At the completion of every wood shop project, I like to take a step back, take a close look, and make a general assessment of the finished piece and the processes that went into making it.
Did I make the right choices in design? Functionality? Structural integrity? Materials?
Did I use the appropriate joinery and construction methods?
Are there places where I took shortcuts or did sloppy work, maybe sacrificing good craftsmanship in the interest of haste?
Are there some skills and techniques that I should have first learned that could have made the project easier or turn out better?
Would St. Roy give a thumbs up or a thumbs down on this piece, if he ever saw it?
Most importantly, did I learn something from this project?
Such was the scrutiny that went into the completed lathe stand. Even though it is not fine furniture, in my mind it adequately passes the above tests. (not too sure about the St. Roy thing, however). Yes, there are many things that I could have done better or spent more time on, but I am confident that this piece of shop furniture satisfies all the criteria for which it was designed, and it doesn’t look too terribly bad, either.
There is one aspect of this build that, in looking back, I find very curious, and did not even think about at the time:
The project was done with very minimal use of rules for measuring and lay-out. In fact, I recall employing such devices on only a couple of occasions during the entire build.
These were for establishing the critical dimensions of the stand such as the required size of the top piece, dictated by the footprint of the lathe itself; and the length of the end frame sides, which would set the overall height of the stand, a function of the required optimum distance from the floor to the lathe center for someone of my height.
The rest of the build was done strictly by determining sizes of some components based on what I thought looked to be good proportion, and sizing other pieces by holding the stock in the location where they would ultimately go and marking for the cuts right off the project.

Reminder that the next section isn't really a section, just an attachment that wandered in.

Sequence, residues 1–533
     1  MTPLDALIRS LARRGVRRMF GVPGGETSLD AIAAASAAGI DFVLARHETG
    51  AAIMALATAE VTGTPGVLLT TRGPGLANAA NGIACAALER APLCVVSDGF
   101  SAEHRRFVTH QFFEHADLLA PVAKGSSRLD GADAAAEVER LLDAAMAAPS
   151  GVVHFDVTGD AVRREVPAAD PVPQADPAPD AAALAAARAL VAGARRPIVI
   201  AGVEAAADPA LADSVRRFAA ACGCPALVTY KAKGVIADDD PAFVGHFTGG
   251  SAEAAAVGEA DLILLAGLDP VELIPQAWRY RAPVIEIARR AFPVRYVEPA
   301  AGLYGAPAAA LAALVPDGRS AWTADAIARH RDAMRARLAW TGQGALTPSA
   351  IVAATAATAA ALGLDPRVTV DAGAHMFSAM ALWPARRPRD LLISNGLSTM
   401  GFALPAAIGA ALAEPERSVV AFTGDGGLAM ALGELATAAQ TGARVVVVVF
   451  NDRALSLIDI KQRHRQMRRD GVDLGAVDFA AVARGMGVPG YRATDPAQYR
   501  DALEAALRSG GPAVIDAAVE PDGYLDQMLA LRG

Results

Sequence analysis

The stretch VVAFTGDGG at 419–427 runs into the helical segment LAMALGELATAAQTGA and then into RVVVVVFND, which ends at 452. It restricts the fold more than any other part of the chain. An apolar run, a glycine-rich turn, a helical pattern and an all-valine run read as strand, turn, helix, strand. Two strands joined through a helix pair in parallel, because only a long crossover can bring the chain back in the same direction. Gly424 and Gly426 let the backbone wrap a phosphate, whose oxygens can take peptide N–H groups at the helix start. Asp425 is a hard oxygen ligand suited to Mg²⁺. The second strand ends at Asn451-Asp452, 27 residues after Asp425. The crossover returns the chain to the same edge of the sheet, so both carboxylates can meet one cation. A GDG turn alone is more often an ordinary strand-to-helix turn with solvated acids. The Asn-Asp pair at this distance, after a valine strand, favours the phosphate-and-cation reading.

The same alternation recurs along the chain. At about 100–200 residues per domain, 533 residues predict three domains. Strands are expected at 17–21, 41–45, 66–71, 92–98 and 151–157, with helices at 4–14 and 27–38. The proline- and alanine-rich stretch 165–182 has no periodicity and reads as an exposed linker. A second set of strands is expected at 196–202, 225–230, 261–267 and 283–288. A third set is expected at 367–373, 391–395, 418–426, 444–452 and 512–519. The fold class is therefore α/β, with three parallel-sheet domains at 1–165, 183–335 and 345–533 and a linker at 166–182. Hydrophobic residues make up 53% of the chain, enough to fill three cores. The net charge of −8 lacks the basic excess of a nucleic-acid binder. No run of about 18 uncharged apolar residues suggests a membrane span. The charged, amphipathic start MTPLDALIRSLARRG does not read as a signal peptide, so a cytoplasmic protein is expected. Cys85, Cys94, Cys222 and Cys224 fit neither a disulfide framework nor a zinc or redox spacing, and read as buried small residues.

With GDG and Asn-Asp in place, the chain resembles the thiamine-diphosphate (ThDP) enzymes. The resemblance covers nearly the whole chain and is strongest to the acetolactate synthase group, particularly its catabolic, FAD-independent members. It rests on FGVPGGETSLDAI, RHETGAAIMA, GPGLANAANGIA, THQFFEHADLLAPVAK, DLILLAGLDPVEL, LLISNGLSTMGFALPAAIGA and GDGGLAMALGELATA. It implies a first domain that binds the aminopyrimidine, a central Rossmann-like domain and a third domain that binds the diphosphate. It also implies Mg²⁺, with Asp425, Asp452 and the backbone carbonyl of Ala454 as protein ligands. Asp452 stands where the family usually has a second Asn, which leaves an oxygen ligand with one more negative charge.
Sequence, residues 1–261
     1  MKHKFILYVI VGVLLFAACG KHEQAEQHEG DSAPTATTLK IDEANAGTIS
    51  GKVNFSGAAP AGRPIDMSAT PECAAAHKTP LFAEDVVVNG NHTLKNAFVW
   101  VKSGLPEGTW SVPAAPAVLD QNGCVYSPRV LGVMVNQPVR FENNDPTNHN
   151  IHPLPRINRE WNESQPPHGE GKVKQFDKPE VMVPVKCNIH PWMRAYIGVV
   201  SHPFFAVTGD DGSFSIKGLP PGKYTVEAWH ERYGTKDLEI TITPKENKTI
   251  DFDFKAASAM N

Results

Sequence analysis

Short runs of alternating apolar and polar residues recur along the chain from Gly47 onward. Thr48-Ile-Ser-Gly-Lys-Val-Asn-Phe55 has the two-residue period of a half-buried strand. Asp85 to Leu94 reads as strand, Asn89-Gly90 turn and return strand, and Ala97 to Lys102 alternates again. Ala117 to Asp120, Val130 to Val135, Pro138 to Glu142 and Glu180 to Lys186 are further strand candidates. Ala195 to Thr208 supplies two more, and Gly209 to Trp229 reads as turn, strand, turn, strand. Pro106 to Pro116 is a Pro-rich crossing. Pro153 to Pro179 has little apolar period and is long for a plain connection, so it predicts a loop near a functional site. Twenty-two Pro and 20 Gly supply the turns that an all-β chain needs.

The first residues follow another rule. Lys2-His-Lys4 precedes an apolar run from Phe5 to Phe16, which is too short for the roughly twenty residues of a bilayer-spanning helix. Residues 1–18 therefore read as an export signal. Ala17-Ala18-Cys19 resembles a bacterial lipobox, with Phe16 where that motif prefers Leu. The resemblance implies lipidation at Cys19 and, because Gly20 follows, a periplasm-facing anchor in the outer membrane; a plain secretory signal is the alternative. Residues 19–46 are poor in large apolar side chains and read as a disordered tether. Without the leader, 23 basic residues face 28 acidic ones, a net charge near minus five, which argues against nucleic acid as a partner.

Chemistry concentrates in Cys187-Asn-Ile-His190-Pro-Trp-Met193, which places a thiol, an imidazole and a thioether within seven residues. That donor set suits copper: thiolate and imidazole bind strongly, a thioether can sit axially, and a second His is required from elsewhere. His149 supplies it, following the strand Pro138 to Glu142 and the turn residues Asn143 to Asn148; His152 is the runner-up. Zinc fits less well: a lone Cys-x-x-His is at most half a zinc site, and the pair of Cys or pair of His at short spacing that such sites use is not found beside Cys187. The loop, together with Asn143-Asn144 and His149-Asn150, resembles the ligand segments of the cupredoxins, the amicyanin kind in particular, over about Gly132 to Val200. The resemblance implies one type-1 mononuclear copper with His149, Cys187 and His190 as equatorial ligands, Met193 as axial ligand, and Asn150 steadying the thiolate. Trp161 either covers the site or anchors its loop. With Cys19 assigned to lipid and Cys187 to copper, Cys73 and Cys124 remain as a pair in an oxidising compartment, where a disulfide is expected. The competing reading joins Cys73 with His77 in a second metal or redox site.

Story sticks and try squares were the most- used layout tools.
Many of the individual project parts were designed on the fly as I went along. The crude working drawing made at the beginning was little more than a guide to illustrate the overall form of the stand.
No precisely dimensioned cutting lists were made.
Sure, maybe some of the similar parts aren’t precision carbon copies of each other, but they don’t need to be. Instead, they are a custom fit for the location in which they reside.
I would wager that if I were to pull the four pedestal supports off the stand and align them atop each other, no two would be identical. But it doesn’t really matter. All of them were fine-tuned with a hand plane to ensure they fit in the location they were intended to go. It’s likely that no two are perfectly interchangeable without some additional plane work.
But when assembled, they fit well, look good, and function in the way they are supposed to. Isn’t that what matters in a hand tooled work piece? I’m pretty sure that none could tell that they aren’t identical unless they got out a rule and measured.
This intrigues me, since the bulk of my past woodworking activities, using power tools, relied heavily on the use of measuring devices and trying to attain precision on each and every project component, before it was even test fit for assembly. A lot of time was spent with rules, depth gauges, calipers, and other such devices in attempting to set up machines to elusive perfection.
The beauty of the hand tool world, and one of the many reasons that I am drawn to it, is that one can easily grab a saw, a plane, a chisel, a rasp, a file, or a spoke shave and fashion parts for a well-built, functional piece – without having to be overly concerned with factory-like precision.
I like working that way….